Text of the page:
The FMCG sector is the largest manufacturing sector in the UK, accounting for 14% of all production. FMCG translation plays a key role in both securing deals and marketing of goods worldwide, giving international brands the “voice” they need to maximise sales. At Albion Languages, we are translation specialists, committed to ensuring that all communication is both accurate and effective.
What are FMCGs?
Fast-moving consumer goods is a term used to describe products that are sold quickly and at relatively low cost. Examples include non-durable household goods such as foods, beverages, toiletries, cosmetics, over-the-counter medicines and other consumables. As part of National Pear Month in the UK, this blog investigates the translation needs for FMCG products.
How translation affects the procurement process
Translation is incredibly important in procurement, as it is vital to ensure that there is no room for ambiguity or scope for misinterpretation. The procurement process is where strategic partnerships are forged, contract terms negotiated and deals finalised.
A misstep in translation at this early stage of a partnership could derail the entire relationship, as well as being costly and time consuming to put right. This stage in FMCG translation can require a skilled team of legal, technical, and financial translators to ensure discussions are clear and concise and that all parties understand the commercial terms prior to contracts being signed.
The role of translation in marketing
FMCG translation is centred around maximising sales in each market through branding, targeted marketing and sales campaigns. To excel in this field, international FMCG brands work with companies like Albion Languages who are skilled at making products feel native to each national audience. Such translated, localised marketing campaigns make it possible to connect with potential customers on a social and cultural level.
Localisation is an important aspect to get right, especially for products in the most competitive FMCG niches. When a product is competing against both local and global brands, localised marketing needs to position the product as an integral part of customers’ daily lives. A successfully localised marketing campaign can help your product promote a sense of trust, familiarity and belonging.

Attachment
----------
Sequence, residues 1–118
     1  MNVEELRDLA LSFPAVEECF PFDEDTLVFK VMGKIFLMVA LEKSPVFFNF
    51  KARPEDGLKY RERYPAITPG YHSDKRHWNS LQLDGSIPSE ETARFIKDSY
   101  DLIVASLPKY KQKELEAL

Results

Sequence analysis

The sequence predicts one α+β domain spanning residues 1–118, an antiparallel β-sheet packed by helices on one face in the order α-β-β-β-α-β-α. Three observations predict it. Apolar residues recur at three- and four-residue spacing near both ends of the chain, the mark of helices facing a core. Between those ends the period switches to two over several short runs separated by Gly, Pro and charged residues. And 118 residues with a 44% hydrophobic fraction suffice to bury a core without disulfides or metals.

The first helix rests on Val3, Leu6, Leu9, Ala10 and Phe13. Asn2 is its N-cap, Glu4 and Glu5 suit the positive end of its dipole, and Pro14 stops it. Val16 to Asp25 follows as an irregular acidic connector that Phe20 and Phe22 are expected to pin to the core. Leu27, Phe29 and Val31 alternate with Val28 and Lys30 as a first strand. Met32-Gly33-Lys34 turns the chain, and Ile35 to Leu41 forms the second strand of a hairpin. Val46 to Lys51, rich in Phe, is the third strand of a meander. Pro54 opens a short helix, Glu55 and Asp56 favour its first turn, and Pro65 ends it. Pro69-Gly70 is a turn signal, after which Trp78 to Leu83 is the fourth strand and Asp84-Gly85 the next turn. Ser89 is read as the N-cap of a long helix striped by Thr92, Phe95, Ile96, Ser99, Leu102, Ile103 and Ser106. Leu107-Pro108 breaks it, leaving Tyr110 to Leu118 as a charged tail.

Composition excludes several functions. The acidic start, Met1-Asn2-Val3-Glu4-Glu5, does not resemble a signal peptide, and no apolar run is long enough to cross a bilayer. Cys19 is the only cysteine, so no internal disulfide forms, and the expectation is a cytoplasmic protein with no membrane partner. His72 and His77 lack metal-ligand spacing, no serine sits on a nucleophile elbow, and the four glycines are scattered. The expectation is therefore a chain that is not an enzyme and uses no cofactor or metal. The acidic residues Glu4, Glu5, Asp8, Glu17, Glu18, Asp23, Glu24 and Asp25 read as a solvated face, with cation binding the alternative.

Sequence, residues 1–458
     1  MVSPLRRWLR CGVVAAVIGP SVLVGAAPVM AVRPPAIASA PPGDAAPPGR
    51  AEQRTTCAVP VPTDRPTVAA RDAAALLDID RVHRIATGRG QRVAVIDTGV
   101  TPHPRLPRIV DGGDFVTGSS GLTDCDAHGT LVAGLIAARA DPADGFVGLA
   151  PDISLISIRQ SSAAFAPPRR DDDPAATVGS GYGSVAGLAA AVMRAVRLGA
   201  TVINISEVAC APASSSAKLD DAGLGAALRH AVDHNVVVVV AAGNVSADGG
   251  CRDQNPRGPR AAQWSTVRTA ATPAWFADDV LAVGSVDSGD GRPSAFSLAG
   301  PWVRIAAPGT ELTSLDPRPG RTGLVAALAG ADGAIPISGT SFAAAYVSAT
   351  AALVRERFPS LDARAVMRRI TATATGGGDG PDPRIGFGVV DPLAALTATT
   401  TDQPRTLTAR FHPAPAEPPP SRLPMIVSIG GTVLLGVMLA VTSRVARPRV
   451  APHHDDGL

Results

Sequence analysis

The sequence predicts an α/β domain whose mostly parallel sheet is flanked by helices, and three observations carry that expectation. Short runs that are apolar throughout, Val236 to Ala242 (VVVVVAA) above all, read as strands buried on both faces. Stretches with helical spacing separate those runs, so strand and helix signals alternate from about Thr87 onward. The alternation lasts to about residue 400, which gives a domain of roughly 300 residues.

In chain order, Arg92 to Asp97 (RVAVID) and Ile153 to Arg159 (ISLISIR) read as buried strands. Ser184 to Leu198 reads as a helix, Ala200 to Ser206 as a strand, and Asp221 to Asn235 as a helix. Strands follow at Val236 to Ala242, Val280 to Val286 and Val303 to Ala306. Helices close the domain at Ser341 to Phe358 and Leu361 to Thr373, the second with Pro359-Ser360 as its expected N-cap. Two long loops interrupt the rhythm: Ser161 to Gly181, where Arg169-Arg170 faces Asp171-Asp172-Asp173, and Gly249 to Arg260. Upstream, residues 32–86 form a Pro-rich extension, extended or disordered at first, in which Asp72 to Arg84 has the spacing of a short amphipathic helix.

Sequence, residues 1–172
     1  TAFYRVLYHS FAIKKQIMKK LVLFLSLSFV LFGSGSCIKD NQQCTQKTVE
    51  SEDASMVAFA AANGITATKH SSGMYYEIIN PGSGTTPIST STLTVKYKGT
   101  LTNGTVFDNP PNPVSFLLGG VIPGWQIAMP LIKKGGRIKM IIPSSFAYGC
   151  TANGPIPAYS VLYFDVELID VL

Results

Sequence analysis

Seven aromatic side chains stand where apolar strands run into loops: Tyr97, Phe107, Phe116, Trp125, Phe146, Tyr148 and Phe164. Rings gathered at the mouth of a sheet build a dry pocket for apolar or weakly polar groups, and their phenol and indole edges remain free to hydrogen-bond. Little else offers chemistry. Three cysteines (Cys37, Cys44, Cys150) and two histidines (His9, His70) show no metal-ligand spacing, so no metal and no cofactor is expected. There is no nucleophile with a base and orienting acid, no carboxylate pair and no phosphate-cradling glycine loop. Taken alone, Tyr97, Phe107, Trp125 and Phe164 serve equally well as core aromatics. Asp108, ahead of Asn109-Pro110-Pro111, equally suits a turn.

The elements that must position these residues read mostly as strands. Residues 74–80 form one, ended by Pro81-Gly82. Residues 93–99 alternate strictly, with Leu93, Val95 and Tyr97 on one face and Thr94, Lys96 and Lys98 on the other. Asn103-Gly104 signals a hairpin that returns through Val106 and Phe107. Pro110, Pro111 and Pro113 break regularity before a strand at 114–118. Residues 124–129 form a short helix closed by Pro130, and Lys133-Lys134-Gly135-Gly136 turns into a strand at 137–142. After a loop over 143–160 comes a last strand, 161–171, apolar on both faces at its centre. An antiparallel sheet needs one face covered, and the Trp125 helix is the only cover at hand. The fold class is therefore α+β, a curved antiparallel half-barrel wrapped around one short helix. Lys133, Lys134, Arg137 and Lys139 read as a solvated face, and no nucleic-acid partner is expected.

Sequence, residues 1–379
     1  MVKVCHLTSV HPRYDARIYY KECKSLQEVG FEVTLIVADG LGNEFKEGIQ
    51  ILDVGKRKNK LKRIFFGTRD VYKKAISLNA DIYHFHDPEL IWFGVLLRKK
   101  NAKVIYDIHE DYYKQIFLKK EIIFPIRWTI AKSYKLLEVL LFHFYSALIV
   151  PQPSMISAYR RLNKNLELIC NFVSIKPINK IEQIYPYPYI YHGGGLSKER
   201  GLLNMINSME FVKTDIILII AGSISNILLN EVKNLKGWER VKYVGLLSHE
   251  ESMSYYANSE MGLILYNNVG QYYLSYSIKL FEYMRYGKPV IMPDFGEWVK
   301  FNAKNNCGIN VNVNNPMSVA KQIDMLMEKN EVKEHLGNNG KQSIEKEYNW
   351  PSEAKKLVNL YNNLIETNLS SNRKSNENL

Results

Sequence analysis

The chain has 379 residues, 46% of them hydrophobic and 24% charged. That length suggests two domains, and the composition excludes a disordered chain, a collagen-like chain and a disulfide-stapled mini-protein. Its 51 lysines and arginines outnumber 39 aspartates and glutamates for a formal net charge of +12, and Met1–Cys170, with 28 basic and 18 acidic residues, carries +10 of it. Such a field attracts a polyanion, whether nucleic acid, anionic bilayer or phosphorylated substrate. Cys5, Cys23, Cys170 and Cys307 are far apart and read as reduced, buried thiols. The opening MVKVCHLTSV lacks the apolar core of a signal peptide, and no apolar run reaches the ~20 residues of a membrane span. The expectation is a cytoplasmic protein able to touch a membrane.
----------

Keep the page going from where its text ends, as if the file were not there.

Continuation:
Intellectual property and FMCG
Intellectual property – or IP – rights are vital in FMCG. Companies operating in this sector rely heavily on brand recognition and brand loyalty for their commercial success.
An FMCG product’s brand, including its commercial image, is usually the most noticeable and long-lasting IP right FMCG companies seek to protect. However, intellectual property rights are naturally only protected in the country where registration took place. Intellectual property offices are located in countries across the globe and each one needs to be contacted individually to ascertain what protections they offer and how to apply.
Growth in the FMCG sector
Brexit and Covid-19 had unexpected consequences for the FMCG market. Lockdown led to a revolution In the UK online grocery market, with non-durable FMCGs being available through companies such as Ocado, Deliveroo and Amazon Fresh.
Online grocers Ocado reported that they have been benefitting from a “dramatic and permanent shift” towards online shopping in the past year. The online grocery market is far larger than it was prior to the pandemic, with new shoppers and increased capacity from the retailers. Which goes some way to explain how online grocery has gone from an £11.8bn market in 2019, to an anticipated £18.1bn in 2021 (IGD).
As translation specialists, Albion Languages is skilled at communicating across linguistic and cultural borders. Our skilled translators can empower you in expanding your business internationally. Speak to our expert team today.